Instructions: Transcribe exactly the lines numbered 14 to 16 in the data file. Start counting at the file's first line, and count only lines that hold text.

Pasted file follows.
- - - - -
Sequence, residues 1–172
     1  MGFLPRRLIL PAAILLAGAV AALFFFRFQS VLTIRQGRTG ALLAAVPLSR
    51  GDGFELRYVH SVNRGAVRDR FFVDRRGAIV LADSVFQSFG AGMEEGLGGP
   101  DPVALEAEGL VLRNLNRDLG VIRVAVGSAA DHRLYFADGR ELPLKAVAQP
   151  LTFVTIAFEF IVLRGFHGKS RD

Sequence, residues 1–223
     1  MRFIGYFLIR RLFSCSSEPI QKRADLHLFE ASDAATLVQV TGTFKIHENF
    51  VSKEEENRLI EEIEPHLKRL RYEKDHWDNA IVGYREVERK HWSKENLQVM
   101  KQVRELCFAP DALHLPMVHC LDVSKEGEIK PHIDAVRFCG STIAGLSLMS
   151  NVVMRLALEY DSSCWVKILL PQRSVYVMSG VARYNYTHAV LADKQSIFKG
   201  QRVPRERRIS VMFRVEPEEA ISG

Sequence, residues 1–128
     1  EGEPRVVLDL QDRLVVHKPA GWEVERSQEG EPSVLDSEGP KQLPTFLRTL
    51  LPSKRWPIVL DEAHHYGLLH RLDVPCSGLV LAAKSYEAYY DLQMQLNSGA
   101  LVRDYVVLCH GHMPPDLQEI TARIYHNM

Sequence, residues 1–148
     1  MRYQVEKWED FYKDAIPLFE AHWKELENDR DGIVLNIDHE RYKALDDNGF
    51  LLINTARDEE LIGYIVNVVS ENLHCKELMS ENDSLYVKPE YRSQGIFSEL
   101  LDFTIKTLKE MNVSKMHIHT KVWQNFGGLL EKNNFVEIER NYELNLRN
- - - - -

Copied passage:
    51  LPSKRWPIVL DEAHHYGLLH RLDVPCSGLV LAAKSYEAYY DLQMQLNSGA
   101  LVRDYVVLCH GHMPPDLQEI TARIYHNM

Sequence, residues 1–148